Just as Apple got the size of its iOS upgrades under better control, Microsoft drastically slashed the free allotment of its OneDrive storage service.
Ironic? Absolutely: The OneDrive users who have complained the loudest about the reductions weren't iPhone owners -- the focus of Microsoft's 2014 storage expansion -- but Windows loyalists who had committed to the ecosystem, especially Windows smartphones, which continue to struggle in the marketplace.
In September 2014, Microsoft used negative news about Apple's iOS 8 to double the free space on its OneDrive cloud service. A month after Apple rolled out a diet-plan iOS 9, Microsoft pared OneDrive's free allowance by 83%.
Last year, some iPhone owners were forced to delete content before installing the then-new iOS 8 because of tight storage space on their smartphones and the large size of the new OS. Microsoft exploited the widespread reports of Apple's dilemma to tout OneDrive as an alternative to iOS users removing apps, music and documents -- but especially photographs -- to reclaim enough room to upgrade iPhones and iPads with skimpy local storage.
"While it might seem strange to announce new features on a Friday evening, we've been listening to the commentary about storage on the new iPhones released today and we wanted to get you more storage right away," wrote Douglas Pearce, a group program manager with the OneDrive team, in a Sept. 19, 2014, blog post. "We think you'll appreciate having more free storage while setting up your iPhone 6 or upgrading to iOS 8."
Pearce's offer was generous: Microsoft would increase the free storage capacity of OneDrive by 15GB -- doubling it from the then-standard 15GB to 30GB -- for anyone who installed the OneDrive iOS app and enabled automatic backup of photos and video to the storage service. Microsoft dubbed that feature "camera roll backup."
Users who installed the Android, Windows Phone, Windows and OS X versions of OneDrive on their devices also got the extra storage.
iOS 8, which debuted two days before Pearce announced the offer, was significantly larger than its forerunner, and required 5GB or more of available space to install. That was a hard sell for owners of 8GB and 16GB iPhones, who scrambled to delete content. Apple took heat for the debacle, and responded in 2015 with a slimmer iOS 9 that required 72% less free space to install. In tight situations, iOS 9 also asked the user whether they wanted to delete apps to make room, then handled both app deletion and re-installation.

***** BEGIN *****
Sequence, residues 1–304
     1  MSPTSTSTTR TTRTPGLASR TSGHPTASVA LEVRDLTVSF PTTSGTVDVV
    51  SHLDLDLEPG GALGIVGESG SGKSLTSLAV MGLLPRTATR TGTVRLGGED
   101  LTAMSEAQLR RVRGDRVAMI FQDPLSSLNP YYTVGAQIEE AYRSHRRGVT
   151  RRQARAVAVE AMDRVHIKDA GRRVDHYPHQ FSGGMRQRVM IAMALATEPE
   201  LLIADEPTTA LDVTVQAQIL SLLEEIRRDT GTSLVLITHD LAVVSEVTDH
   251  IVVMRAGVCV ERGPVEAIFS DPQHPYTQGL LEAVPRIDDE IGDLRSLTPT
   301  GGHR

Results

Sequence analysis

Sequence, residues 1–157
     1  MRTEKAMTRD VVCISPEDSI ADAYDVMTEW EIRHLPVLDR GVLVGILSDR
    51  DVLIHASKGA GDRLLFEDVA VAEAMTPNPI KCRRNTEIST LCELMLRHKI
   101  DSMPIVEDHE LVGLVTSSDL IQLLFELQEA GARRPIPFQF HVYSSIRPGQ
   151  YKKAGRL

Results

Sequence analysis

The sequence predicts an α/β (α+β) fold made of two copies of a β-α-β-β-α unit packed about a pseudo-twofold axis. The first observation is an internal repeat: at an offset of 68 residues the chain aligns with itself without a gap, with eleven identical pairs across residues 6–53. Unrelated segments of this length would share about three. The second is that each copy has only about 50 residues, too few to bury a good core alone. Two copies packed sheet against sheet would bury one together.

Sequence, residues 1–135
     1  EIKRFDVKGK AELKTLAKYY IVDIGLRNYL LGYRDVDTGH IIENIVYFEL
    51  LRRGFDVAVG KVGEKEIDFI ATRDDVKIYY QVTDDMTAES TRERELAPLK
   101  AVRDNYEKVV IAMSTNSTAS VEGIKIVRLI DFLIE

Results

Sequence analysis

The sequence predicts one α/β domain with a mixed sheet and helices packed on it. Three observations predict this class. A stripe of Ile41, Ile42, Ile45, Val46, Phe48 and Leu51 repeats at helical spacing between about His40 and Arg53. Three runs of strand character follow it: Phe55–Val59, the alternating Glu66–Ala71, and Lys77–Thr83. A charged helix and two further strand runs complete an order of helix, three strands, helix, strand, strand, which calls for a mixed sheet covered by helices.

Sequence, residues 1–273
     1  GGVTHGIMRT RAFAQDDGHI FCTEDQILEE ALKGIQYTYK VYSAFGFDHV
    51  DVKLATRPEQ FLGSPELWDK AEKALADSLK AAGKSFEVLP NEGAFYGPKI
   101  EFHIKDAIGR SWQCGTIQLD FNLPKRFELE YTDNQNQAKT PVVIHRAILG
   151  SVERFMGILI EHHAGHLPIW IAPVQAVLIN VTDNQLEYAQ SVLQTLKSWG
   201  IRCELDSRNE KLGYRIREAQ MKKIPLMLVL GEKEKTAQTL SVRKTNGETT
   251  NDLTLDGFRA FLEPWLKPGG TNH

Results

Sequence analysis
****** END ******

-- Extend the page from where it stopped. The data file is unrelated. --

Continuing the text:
Just weeks after Apple rolled out the slimmer iOS 9, Microsoft revamped OneDrive's storage policies, canceling the unlimited capacity of accounts tied to an Office 365 Home or Office 365 Personal subscription, ditching the 100GB and 200GB plans for new customers, and adding a 50GB plan with a price twice that of Apple's identical iCloud offer.
Most notable, however, was Microsoft's decision to reduce the free allotment from 15GB to 5GB -- again, the same as iCloud -- and discontinue the 15GB bonus camera roll. Those changes go into effect in early 2016, but Microsoft has not provided a definitive date.
OneDrive users who took Microsoft's 2014 camera roll bonus offer thus face an 83% contraction of their free storage space, from 30GB to 5GB.
Users will have time to transfer OneDrive content to another service; pony up $2 per month -- or $24 annually -- for the new 50GB plan; subscribe to Office 365 Home ($10 per month, $100 per year) or Office 365 Personal ($7/$70) to get a 1TB account; or delete some of what they're stored to bring the total under 5GB.